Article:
Had all the polemists limited themselves to allegorical comparisons, not much harm would have come to the Jews. But some did not hesitate to relate the most extraordinary things about these accursed ones, and the anti-Jewish polemic literature enregistered all the popular prejudices, even made them worse; it originated new ones and perpetuated them in all instances. The wildest stories about the Jews were circulated; they were represented with monstrous features; the most abominable deformities, the blackest vices, the most heinous crimes, the most despicable habits were attributed to them. They have, so it was declared, the figure of a he-goat, they have horns and a caudal appendage,  they are subject to quinsy, to scrofula, to blood-flux, stinking infirmities which make them lower their heads,  they have haemorrhoids, bloody sores on their hands, they cannot spit; at night their tongue is overrun with worms. The belief in these diseases peculiar to the Jews had come from Spain, in the fourteenth century; later on they were arranged in lists, the oldest of which belongs to 1634. In these lists, to each of the twelve tribes its special disease is assigned.
Thus can be explained some other anti-Jewish prejudices; but though it is evident that the likening of the Israelites to the evil spirit caused the he-goat figure and horns on their foreheads to be attributed them, still many of these beliefs remain inexplicable. They all arise, in part, from the fact that the retired life of the Jews, their venerable habit of keeping aloof, not to mingle with those surrounding themever served to excite excessively the popular imagination.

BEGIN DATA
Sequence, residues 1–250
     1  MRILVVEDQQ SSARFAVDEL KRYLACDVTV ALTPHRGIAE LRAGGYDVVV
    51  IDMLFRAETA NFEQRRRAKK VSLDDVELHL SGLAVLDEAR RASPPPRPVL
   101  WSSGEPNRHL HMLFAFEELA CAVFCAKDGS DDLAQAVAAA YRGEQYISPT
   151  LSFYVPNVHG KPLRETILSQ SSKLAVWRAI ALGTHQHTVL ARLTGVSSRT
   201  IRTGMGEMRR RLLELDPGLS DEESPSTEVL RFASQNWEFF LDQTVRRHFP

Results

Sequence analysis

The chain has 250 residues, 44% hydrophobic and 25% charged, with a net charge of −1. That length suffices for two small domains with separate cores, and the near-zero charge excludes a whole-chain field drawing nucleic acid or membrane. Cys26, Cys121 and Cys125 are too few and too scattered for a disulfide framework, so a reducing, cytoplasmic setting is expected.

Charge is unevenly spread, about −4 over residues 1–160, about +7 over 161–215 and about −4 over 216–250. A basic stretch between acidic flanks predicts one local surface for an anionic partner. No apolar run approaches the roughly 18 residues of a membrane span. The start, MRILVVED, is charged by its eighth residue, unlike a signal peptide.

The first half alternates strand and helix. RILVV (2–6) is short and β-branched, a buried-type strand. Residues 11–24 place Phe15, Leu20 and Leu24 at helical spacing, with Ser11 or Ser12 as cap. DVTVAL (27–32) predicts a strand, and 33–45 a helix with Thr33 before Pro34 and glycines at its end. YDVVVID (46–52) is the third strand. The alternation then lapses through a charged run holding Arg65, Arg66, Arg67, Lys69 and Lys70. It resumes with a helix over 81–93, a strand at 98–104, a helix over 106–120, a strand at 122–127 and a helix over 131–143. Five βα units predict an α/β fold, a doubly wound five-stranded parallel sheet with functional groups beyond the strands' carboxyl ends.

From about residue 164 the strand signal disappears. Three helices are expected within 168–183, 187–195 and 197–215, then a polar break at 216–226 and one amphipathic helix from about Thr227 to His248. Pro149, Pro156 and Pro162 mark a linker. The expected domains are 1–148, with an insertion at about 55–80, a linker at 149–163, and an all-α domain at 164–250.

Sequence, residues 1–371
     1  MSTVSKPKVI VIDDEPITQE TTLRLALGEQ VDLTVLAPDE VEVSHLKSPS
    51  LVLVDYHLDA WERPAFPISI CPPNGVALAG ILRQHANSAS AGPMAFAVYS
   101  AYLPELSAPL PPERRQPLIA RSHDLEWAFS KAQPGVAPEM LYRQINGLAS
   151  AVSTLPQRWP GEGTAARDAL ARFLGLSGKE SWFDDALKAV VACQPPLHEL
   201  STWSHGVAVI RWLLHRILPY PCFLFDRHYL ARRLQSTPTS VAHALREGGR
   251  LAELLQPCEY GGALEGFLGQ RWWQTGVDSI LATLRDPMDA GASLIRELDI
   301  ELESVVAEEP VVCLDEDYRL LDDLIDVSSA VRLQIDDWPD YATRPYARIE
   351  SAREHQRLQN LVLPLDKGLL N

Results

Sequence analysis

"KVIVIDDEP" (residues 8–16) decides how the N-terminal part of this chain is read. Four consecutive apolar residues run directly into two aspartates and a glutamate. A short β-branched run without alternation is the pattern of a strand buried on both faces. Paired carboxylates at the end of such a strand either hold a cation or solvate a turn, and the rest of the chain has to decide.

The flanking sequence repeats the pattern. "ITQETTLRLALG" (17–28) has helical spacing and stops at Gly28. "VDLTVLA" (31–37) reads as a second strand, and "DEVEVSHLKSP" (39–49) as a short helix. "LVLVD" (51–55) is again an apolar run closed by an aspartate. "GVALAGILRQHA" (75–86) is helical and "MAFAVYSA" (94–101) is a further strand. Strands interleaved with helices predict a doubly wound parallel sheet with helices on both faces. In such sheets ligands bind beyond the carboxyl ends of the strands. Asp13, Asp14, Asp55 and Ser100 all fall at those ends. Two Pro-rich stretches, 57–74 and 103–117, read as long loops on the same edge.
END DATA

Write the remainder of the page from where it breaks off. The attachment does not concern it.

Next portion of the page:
As to the Templars, concerning whom so many similar abominations had been spread, they, above all others, can be likened unto the Jews. Like the latter, they were hated for their pride, their ostentation, their wealth in the midst of general misery, their eagerness for gain, their shameless use of means of acquisition, their making usurious contracts. They were hated because they advanced money on chattels and fiefs on condition that these fiefs and chattels remained theirs in case of the borrower’s death; because the Templars’ Order possessed a greater part of the French territory in the thirteenth century and formed a commonwealth within the state, the Templars having and recognizing no master but God.  We see then that the same causes produce the same results, create the same animosities, give rise to the same beliefs.